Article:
Feb 22, 2008 (01:02 PM EST)
Community Building, Yes - But Why Facebook?
Read the Original Article at InformationWeek
As a conference organizer, I made the decision to use Facebook as the social networking platform for our Enterprise 2.0 Conference community. Why? I'm actually looking at this as somewhat of an experiment. I'm using a consumer platform for a business purpose, a big topic these days. Here are some of the pros and cons of my experience so far.Pros:
1. Persistence. Part of "community building" is keeping your community engaged. If I have to fire up another web site to accomplish this I feel like I'm already losing a percentage of my community. Most of us are visiting our Facebook profiles daily or perhaps more often so hosting a community group inside this platform gives me an strong advantage.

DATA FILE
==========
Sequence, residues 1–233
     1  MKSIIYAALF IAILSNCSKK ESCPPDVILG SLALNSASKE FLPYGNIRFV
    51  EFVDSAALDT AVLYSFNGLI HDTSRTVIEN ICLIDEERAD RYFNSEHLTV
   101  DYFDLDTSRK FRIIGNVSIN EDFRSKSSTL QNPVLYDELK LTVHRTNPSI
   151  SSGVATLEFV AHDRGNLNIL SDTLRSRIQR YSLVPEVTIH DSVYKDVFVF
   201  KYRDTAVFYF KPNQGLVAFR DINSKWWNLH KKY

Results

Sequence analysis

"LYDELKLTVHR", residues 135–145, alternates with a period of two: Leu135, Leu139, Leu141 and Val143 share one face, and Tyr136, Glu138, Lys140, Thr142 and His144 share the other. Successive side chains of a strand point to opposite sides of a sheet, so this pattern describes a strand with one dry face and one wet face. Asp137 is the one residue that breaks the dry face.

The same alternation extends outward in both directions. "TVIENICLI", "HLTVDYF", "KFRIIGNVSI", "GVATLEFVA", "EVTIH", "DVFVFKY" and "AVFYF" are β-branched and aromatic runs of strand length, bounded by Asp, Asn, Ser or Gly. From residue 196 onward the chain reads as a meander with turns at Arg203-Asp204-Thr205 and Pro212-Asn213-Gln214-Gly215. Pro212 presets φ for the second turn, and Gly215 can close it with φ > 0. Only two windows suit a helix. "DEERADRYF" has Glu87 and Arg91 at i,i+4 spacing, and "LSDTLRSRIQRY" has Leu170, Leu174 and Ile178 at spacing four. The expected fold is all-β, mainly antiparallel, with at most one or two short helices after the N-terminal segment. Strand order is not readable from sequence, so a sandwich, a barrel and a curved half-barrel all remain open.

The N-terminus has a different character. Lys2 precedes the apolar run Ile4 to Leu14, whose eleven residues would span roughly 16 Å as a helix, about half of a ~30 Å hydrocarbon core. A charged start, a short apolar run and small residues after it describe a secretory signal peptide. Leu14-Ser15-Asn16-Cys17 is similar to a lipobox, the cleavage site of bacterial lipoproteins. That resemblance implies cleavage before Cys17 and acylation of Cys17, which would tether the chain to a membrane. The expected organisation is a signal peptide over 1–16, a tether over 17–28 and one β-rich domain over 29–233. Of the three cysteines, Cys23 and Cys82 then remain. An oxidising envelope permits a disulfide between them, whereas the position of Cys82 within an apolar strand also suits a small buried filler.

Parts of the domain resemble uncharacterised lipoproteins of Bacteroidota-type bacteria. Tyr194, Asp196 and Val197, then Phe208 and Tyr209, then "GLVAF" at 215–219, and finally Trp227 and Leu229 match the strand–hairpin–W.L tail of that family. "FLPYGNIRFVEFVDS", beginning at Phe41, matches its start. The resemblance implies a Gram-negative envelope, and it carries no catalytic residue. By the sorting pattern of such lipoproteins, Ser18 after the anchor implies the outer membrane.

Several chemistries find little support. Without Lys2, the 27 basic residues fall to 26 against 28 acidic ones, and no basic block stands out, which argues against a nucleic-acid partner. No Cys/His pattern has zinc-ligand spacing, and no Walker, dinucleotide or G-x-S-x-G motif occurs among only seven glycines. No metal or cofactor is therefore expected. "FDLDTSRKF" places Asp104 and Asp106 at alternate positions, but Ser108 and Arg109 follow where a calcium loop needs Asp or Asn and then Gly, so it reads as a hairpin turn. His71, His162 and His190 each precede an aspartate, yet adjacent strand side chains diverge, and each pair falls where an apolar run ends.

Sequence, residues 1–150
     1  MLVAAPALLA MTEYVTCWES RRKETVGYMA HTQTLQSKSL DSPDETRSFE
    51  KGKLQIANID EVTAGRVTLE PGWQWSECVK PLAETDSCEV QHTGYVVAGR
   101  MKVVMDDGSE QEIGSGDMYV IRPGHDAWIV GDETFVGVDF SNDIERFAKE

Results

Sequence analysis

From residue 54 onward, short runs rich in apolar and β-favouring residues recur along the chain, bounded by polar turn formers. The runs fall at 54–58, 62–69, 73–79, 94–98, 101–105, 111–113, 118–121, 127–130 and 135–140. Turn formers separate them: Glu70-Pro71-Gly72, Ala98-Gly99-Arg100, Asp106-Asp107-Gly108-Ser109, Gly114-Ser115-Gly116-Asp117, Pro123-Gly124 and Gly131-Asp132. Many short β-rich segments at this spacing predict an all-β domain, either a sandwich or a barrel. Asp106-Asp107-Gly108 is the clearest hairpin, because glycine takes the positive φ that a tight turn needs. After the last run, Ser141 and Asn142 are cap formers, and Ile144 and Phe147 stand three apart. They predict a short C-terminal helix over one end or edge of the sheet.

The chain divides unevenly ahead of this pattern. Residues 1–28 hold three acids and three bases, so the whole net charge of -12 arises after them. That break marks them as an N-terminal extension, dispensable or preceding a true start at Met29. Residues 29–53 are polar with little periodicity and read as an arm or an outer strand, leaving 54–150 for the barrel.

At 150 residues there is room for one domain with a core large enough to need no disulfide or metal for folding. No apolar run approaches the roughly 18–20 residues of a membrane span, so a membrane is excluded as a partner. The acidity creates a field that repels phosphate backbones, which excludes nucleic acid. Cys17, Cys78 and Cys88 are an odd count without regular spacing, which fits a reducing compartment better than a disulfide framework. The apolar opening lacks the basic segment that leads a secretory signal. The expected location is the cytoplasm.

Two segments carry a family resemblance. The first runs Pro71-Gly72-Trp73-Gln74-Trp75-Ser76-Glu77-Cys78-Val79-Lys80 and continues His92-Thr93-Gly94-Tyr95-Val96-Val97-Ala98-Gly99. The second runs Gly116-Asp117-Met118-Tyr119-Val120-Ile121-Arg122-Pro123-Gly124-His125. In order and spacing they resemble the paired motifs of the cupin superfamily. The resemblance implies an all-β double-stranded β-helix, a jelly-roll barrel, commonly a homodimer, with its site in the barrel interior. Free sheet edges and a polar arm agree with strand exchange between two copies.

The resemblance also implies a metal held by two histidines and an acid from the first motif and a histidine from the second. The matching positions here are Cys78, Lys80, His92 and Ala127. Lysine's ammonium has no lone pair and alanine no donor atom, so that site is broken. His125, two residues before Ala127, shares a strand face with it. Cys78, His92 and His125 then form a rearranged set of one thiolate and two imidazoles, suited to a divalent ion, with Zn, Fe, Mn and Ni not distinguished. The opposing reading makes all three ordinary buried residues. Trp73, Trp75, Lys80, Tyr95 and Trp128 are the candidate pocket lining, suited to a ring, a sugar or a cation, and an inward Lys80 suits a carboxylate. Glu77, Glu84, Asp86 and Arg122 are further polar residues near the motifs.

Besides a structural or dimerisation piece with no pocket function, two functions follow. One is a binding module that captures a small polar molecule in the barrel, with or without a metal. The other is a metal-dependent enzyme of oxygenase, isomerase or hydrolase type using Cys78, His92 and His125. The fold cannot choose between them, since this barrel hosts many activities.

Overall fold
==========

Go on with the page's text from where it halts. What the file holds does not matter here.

2. No extra steps for community members. I've found that many people interested in Enterprise 2.0 are already Facebook users. Joining our E2 Community group requires no sign up and no account to manage.3. No cost. Free is good.4. Minimal set-up. We had our Facebook group up in no time. Select a name, post your logo, set some basic preferences and you're off and running.5. It's viral. Every time someone signs up for a group, his or her network of friends is notified. Chances are many of those friends share a common interest in the group and are also likely to join.Yes there are cons too:1. Minimal functionality. Let's face it, the Facebook group discussion boards are pretty basic. They get the job done but I'll leave it at that.2. Minimal customization. There's very little a group administrator can change about the layout of the group site. Take the E2 group for example. I'd like the discussion boards to feature more prominently on the site, maybe show some of the threading too. That doesn't happen in Facebook. The posted items tend to dominate the page.3. No RSS. This one surprised me. Why is Facebook not allowing an RSS feed from the groups? For better or worse, many of us use RSS to manage our multiple sources of information. RSS is a great way to inform group members of a new discussion or important update.4. No search. Facebook groups do not show up in search engines. So if you're hoping to attract new members to your group through search, it ain't happening. That goes for searching within the group site as well. No dice.There are some great social networking platforms out there for business. Some are built specifically for the conference business. In my perfect world, I'd have all the functionality those tools offer, built around or interfacing with Facebook. I'm sure someone will do just that.